Revisiting America: The Prints of Currier & Ives
October 2, 2021-January 23, 2022
- The Museum will be closed Sunday, April 9 in observance of Easter.
This exhibition has been made possible with the generous support of the Department of Economic and Community Development, Connecticut Office of the Arts, HSB, The Aeroflex Foundation, the David T. Langrock Foundation, Mr. Andy Baxter, the Vincent Dowling Family Foundation, Mr. & Mrs. J. Geddes Parsons, Roy & Deborah Moore, Mr. & Mrs. Richard H. Booth, Bouvier Insurance, Wayne & Barbara Harms, the George A. & Grace L. Long Foundation, Mr. Charles T. Clark, Jeb & Dianne Embree, Dr. Margaret O’Shea & Mr. Daniel O’Shea as well as donors to the Museum’s Annual Fund.
Currier & Ives was a powerhouse of nineteenth-century publishing and had an immeasurable influence on American visual culture. Founded in New York in 1834 by Nathaniel Currier, the company expanded to include a new partner, James Merritt Ives, after 1857. Currier & Ives produced millions of affordably priced copies of over seven thousand original lithographs, living up to its self-appointed title as “the Grand Central Depot for Cheap and Popular Prints.” The firm took advantage of New York City’s booming arts culture in the latter half of the nineteenth century, but its output was not seen as fine art by critics, nor was it intended as such. Its prints were first and foremost commodities, and the choice of subjects was often determined by popularity and sales figures. Currier & Ives perpetuated Victorian ideals in its depictions of family, history, politics, and urban and suburban life, yet these prints also serve as important records of a nation in the midst of an extraordinary transformation from a rural and agricultural landscape to an industrialized and urbanized global power.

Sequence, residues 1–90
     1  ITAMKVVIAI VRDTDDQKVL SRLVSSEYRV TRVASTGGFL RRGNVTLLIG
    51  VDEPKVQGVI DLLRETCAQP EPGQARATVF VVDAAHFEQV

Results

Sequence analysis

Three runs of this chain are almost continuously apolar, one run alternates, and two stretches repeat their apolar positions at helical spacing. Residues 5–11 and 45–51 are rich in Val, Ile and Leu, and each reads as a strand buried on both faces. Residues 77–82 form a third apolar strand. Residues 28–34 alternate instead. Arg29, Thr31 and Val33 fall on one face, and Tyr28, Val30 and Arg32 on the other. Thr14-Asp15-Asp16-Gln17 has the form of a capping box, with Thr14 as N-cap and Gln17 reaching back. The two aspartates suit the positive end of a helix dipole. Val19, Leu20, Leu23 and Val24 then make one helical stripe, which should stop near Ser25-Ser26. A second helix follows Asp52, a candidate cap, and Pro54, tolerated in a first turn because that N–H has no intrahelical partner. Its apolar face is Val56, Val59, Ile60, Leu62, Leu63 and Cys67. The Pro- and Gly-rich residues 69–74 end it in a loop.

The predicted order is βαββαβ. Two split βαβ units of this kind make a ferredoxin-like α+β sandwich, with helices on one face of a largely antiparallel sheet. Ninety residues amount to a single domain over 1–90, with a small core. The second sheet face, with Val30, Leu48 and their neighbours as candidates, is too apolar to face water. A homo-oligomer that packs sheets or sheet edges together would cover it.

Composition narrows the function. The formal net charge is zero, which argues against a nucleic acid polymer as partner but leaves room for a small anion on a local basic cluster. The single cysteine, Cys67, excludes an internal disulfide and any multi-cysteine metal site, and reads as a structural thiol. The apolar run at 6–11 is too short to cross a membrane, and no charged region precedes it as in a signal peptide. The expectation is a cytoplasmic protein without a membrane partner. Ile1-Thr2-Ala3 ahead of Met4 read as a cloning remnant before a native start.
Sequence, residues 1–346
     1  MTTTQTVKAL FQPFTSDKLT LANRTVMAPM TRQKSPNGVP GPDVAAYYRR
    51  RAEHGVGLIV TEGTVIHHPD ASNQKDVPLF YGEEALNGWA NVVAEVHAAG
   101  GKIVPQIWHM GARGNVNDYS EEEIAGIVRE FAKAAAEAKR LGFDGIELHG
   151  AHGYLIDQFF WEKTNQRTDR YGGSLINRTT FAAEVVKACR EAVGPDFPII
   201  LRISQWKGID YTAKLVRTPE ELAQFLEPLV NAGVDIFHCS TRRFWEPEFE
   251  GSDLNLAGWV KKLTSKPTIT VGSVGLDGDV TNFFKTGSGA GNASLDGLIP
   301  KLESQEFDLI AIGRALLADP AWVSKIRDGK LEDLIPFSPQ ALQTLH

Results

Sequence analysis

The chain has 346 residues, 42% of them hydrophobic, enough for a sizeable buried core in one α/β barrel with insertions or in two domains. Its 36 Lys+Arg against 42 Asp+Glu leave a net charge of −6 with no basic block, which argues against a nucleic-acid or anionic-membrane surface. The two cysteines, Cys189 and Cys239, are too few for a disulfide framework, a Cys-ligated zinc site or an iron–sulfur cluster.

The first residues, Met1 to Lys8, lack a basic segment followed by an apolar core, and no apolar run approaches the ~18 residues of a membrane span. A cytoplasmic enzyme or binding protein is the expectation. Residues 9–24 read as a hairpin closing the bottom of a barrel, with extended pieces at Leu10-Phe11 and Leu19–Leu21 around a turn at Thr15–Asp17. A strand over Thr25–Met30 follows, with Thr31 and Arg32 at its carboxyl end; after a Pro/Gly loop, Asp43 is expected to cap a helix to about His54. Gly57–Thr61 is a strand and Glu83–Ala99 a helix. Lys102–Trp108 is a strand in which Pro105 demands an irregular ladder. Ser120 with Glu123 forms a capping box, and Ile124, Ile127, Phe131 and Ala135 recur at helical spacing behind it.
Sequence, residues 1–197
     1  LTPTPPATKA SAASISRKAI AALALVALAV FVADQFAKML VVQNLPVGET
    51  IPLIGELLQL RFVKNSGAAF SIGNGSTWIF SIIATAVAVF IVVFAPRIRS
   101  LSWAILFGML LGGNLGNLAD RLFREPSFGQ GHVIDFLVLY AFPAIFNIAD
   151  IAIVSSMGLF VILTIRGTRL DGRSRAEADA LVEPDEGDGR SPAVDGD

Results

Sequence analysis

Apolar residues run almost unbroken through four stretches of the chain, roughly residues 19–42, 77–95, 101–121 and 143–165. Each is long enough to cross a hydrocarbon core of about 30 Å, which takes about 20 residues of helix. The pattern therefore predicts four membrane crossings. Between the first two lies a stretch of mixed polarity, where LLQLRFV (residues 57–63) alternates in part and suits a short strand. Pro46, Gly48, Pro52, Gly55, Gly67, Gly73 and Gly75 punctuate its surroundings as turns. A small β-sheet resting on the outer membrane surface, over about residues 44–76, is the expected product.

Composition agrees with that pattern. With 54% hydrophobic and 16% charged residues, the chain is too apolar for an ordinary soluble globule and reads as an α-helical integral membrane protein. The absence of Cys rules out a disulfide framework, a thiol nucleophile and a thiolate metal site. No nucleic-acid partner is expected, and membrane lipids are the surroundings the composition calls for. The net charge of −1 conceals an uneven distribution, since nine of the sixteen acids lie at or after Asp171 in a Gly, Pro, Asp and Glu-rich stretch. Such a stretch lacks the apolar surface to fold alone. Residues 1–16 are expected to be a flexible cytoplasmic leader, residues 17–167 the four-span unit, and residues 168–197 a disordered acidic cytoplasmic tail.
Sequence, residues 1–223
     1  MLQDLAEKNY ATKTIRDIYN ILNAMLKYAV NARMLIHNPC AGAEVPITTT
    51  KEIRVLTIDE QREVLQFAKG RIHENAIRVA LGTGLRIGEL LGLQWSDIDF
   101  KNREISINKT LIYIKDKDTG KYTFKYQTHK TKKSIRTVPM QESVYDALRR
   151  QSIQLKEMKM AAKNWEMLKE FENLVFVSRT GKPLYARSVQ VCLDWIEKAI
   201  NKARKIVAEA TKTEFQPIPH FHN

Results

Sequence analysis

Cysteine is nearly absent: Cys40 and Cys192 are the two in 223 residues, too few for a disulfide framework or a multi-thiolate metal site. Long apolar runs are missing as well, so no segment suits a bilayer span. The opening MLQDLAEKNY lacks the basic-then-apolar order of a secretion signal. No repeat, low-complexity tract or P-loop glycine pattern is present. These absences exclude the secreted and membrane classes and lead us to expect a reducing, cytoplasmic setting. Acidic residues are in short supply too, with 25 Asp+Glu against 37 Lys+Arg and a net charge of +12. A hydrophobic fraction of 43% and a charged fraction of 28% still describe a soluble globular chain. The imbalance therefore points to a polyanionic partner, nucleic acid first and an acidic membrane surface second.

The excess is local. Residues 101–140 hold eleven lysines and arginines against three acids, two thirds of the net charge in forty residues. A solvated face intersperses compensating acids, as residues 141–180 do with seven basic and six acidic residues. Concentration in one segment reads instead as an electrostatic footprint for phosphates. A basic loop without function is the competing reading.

Joslyn Art Museum’s collection of nearly six hundred Currier & Ives prints came to the Museum in 2016 as a gift of Conagra Brands, who desired that these prints find an appreciative audience in Omaha and beyond. Along with their popular appeal, these images offer a new opportunity to uncover the complexities and contradictions of our history and help shape our understanding of America’s past.